Today there are over 3 million professional drivers in the United States. These individuals, who haul goods along the nation’s highways 24 hours a day, seven days a week, are integral to keeping our economy running. But what will the environment for truckers and the future of work look like?
I recently asked an audience – a virtual one, of course – to guess how many people will be employed as truck drivers in the United States by 2030. The answers flew in in the Zoom chat…
People are pretty pessimistic about employment in the sector and make this simple calculation: autonomous vehicles are coming, so truck driver jobs are doomed. Like many simple conclusions, this one is the wrong conclusion for truckers.
Employment models are complex and involve many variables. When predicting the future of work, one must not fall into the tempting trap of quick answers. How new technologies will affect employment is nuanced and diverse, with each industry and function requiring its own analysis.
I believe that the number of truck drivers in the US will increase by almost 5% in 2030… and probably in 2040. I come to this conclusion by looking at three key drivers of employment in all industries, including trucking -Areas, look at: Technology, Infrastructure and Deployment.
First, we need to make assumptions about when autonomous trucks will be “road ready” (fully autonomous and able to drive without a driver). While technology continues to advance and autonomous vehicles have the potential to be much safer than most human-driven cars, the hurdles to a fully driverless vehicle remain high.
Those developing autonomous vehicles believe that 90% of the time they are ready to drive, the last 10% involves the incredibly complex work of solving edge cases. The “edge cases,” a technology term that refers to the problems that occur at the extreme ends of operations, are so vast for the technology (e.g. that autonomous trucks will NEVER be Road Ready.
I don’t take that position, but I don’t think there is a realistic scenario of Road Ready happening before 2025 and most likely not before 2030. Once Road Ready happens, we need to think about the necessary infrastructure for these trucks to actually be on the road. Charging stations, sensors, repair infrastructure and by far the most complex issue, the state and federal framework all need to be in place for the road to be finished.
What happens when an autonomous truck hits something or someone? What happens if the cargo is damaged or stolen? How is a flat tire repaired? All issues and infrastructure must be addressed before autonomous trucks can be widely deployed. My best case scenario is another ten years until the road itself is finished.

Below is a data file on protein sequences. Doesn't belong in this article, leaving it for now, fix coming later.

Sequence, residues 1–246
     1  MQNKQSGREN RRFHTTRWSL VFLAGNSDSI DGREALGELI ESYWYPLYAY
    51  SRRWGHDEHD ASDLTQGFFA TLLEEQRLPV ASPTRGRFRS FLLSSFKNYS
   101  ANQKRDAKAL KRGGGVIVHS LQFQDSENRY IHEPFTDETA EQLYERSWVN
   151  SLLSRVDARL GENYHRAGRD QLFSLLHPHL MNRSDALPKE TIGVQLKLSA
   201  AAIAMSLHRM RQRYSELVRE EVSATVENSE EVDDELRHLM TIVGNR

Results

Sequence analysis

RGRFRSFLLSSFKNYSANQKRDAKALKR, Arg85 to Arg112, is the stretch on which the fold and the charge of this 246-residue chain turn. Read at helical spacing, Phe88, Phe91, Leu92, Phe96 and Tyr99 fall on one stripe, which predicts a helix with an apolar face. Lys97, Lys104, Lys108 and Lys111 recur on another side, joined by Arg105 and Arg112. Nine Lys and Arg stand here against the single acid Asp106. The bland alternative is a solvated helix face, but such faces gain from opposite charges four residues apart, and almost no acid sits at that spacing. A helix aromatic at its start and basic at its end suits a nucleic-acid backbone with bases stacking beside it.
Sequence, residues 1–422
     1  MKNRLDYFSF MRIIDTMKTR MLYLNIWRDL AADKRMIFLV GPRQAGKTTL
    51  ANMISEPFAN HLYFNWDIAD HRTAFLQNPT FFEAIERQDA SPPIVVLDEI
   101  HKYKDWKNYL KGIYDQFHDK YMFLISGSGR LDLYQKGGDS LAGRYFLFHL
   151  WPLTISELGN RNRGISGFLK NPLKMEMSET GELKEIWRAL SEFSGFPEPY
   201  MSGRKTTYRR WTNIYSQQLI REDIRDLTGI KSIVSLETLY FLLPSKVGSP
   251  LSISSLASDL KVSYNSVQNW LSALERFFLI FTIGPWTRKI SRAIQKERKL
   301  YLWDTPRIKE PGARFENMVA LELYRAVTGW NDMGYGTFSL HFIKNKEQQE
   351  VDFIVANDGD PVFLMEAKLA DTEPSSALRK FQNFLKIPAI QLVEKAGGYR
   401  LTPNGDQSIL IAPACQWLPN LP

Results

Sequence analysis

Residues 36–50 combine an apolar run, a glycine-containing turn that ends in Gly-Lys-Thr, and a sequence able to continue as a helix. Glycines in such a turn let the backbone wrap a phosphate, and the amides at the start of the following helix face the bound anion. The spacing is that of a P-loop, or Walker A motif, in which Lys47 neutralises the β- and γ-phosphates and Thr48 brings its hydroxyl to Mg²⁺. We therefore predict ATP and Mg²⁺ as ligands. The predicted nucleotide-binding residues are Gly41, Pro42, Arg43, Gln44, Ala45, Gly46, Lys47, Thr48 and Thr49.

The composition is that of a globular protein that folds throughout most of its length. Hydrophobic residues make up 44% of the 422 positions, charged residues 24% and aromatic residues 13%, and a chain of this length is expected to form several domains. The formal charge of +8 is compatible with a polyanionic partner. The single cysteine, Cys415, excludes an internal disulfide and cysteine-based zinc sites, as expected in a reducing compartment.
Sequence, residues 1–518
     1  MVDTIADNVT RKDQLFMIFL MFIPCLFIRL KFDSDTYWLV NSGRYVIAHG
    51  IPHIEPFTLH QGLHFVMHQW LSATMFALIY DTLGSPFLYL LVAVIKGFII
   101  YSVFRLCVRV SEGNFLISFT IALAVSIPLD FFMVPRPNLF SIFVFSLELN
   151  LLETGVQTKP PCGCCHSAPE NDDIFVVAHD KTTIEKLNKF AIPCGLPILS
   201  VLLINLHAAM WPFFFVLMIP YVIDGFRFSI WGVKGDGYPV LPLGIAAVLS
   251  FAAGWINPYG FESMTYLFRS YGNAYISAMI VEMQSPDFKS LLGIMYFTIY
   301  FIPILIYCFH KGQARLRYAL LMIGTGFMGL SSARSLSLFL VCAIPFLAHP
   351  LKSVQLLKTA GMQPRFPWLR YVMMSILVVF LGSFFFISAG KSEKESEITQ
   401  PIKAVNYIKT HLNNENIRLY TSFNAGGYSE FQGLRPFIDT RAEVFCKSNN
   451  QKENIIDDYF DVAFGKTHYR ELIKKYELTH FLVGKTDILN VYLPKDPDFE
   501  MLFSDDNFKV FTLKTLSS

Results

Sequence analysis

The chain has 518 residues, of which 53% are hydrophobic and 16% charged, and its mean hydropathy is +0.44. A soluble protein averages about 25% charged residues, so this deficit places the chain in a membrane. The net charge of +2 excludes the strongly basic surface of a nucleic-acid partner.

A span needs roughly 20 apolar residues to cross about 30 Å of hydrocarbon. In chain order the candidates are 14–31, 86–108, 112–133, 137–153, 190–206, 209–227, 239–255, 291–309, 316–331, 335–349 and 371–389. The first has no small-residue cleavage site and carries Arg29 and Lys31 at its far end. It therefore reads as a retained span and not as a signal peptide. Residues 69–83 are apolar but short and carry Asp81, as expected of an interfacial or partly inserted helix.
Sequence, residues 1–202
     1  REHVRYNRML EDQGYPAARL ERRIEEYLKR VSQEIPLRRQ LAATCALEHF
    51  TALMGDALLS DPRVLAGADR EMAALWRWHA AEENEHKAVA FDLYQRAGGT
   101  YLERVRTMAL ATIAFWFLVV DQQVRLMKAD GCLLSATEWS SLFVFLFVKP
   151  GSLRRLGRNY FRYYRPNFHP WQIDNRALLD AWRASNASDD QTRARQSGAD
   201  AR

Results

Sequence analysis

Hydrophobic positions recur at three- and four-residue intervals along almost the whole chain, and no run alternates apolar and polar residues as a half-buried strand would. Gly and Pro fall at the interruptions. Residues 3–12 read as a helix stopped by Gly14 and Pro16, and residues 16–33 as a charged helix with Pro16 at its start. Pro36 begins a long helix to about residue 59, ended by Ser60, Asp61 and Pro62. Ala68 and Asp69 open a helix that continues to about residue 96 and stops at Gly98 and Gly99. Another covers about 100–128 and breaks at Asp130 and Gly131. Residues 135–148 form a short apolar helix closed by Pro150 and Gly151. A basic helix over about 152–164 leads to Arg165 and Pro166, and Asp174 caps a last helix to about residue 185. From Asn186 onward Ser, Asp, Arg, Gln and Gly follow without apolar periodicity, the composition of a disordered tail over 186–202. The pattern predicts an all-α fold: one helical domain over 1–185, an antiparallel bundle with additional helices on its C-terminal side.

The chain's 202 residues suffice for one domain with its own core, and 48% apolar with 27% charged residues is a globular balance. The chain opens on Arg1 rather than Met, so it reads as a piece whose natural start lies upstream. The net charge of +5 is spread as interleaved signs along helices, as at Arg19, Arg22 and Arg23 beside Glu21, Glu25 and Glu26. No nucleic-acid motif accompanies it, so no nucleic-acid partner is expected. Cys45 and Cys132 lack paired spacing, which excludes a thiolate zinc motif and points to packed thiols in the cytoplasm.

And then comes the action. So whether the autonomous truck is road ready (2025 or 2030?). The infrastructure is in place for the vehicle to actually be on the road (2035 or 2040?). Now the trucking companies have to buy them. That doesn’t happen overnight.
If Knight-Swift, the country’s largest trucking company, used a full 50% of its $500 million capital expenditure budget to buy new vehicles (i.e. forgo other investments it needs), it would still take 10 years until it spends the approximately $2.7 billion to completely replace its fleet of 18,000 trucks (assuming $150,000 per truck). History tells us they move slower and even then don’t replace every driver (2045-2055?).
There are more than 2 million trucks on the roads in America. $300 billion is needed to replace the entire fleet. That’ll take even longer since few truckers have Knight-Swift’s capital and the trucker isn’t overly profitable, with an industry average of 4% net margin. There’s also the possibility that many companies are not early adopters and will add a few more years while they wait and see the impact and true cost of change.
So the technology has to be ready, the infrastructure has to be in place, regulations have to be ironed out, and then hundreds of billions have to be spent to deploy the technology. In 15 years, and even 20 years from now, the likelihood of a mass displacement of truck drivers is very, very small.
Do you know that the real problem facing truck driver employment today is in the US? driver shortage! Many younger workers do not choose this profession. Perhaps because they are repeatedly told that truck drivers have no future. Our discussion should focus on how we are helping to fill the tens of thousands of jobs that are available today. That’s exactly what my friend and entrepreneur Jason Wang is doing with FreeWold, helping ex-prisoners get training and employment as truck drivers. This is the future of work.
Remember that the creation of a new technology does not lead directly to job losses. We need to look at the complex and industry-specific dynamics to make effective labor market forecasts of the future of work. Only with this analysis can we get a sense of how employment might adjust. Simple answers, while simple, are usually wrong.